There are some unusual choices in the mixing of the album, moments where the interplay of the “live” and the “recorded” sound a bit more awkward than intriguing. “Reckoner” has an oddly placed fade in the middle of Glasper’s solo, fading back in again after a cut to later on in the tune. Other tracks also end with fades, which elide the presence of the studio audience. Many albums recorded live seek to reproduce the experience of the original performance as faithfully as possible for home listeners, helping them imagine that they were there. This is not one of those albums. The value of recording live in this case is largely that it helped to cultivate a particular kind of energy in the music, privileging the spontaneous, unpredictable interactions between musicians and audience members, and reveling in the feeling of risk that comes from the knowledge that the first take is probably the take.
Covered may be most memorable, however, for its powerful commentary on and contributions to the current movement against racial injustice. The album is dedicated “to the victims and the families of those who were wrongfully killed by the police,” and its closing pair of performances insists on the urgency of ending state violence against people and communities of color. “Got Over,” invoking the gospel classic, features Harry Belafonte reciting a brief, poetic version of his life story. “I’m Dying of Thirst” incorporates recordings of children reciting the names of recent victims of police brutality. The juxtaposition of the voice of an aging Civil Rights icon recounting his perseverance and those of children reading the names of young people whose lives were taken is brilliant and deeply moving.
Sylva and Covered are bold experiments in the complex relationship between live and recorded music, and both feature strong compositions, exceptional musicianship, and powerful messages. It is especially exciting that, for both ensembles, the majority of their music has yet to be played.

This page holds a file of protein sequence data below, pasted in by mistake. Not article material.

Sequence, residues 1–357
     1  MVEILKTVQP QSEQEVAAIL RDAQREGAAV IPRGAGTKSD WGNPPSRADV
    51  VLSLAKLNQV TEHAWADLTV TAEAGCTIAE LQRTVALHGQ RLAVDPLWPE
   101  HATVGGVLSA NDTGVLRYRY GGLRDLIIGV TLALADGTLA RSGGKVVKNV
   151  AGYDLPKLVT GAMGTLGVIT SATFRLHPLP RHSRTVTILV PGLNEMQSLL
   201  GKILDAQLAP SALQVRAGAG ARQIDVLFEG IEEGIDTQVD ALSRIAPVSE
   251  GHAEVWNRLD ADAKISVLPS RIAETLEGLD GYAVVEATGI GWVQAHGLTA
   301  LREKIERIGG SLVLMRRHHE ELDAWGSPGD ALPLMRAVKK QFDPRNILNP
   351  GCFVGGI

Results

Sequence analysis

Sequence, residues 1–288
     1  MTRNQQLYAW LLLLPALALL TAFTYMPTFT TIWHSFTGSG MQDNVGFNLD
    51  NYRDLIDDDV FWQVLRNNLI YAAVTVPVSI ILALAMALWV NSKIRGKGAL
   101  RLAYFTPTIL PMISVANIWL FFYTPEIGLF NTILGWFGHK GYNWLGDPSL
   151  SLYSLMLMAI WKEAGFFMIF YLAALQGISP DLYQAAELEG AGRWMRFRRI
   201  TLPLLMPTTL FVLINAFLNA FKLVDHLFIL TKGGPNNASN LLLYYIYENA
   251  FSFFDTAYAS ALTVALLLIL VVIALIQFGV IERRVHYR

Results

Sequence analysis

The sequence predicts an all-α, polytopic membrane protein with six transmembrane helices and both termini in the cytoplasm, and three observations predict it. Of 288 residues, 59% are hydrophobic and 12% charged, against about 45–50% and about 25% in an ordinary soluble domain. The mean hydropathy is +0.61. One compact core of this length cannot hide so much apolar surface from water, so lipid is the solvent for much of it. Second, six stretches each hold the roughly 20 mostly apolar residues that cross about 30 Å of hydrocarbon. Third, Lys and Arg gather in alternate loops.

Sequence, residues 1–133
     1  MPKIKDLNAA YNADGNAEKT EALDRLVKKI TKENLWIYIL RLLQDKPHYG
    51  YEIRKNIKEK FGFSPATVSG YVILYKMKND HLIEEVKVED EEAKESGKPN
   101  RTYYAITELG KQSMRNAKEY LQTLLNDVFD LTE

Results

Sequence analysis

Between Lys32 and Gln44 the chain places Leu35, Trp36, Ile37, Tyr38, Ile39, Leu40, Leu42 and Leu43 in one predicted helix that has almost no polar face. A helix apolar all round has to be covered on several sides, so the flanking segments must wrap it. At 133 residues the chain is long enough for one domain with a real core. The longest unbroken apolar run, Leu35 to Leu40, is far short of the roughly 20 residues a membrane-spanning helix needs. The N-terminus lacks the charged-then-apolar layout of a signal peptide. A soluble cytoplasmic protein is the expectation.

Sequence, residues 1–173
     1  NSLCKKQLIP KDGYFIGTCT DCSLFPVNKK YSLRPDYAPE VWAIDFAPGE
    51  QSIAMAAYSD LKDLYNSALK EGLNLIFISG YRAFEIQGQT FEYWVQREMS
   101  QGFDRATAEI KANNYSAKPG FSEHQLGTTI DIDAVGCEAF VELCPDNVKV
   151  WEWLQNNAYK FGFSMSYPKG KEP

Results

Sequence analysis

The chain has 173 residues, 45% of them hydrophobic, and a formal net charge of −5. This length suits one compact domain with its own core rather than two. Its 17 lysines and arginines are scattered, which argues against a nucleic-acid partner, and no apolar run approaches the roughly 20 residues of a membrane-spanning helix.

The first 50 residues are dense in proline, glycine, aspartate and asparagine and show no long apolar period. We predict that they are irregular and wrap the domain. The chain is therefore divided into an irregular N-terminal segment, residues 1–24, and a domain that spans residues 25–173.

The video for “The Worst” was released first and in advance of the album, savvy moves possibly intended to attract new, young listeners, considering the original song by Aiko has amassed over 60 million views on YouTube since its release in November 2013.
 Glasper’s labelmate Ambrose Akinmusire had already used this technique to powerful effect on “Rollcall for Those Absent” from his acclaimed The Imagined Savior Is Far Easier to Paint (Blue Note 2014).
Dean S. Reynolds is a doctoral candidate in ethnomusicology at the CUNY Graduate Center, where he has pursued his interests in black music of the Americas, with a focus on the Caribbean and the United States. He has worked extensively on the music of Jamaica, and he is currently writing his dissertation on the ways that jazz musicians and listeners in New York are using recording and playback technologies, digital media, and online publics to make, share, and experience music. Dean has taught courses on world music cultures, music of Latin America and the Caribbean, and jazz history at institutions in and around New York, including City College, The New School, and Princeton.